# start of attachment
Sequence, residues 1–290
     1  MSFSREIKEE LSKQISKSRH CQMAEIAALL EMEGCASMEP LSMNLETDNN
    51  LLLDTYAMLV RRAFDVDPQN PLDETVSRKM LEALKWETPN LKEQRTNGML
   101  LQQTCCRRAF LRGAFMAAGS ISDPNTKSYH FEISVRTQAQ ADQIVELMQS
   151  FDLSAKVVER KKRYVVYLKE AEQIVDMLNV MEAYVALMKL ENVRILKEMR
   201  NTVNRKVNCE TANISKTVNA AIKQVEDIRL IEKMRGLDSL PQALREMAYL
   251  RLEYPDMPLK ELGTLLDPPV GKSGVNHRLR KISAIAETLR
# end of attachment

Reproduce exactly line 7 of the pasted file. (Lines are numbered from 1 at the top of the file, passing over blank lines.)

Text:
   251  RLEYPDMPLK ELGTLLDPPV GKSGVNHRLR KISAIAETLR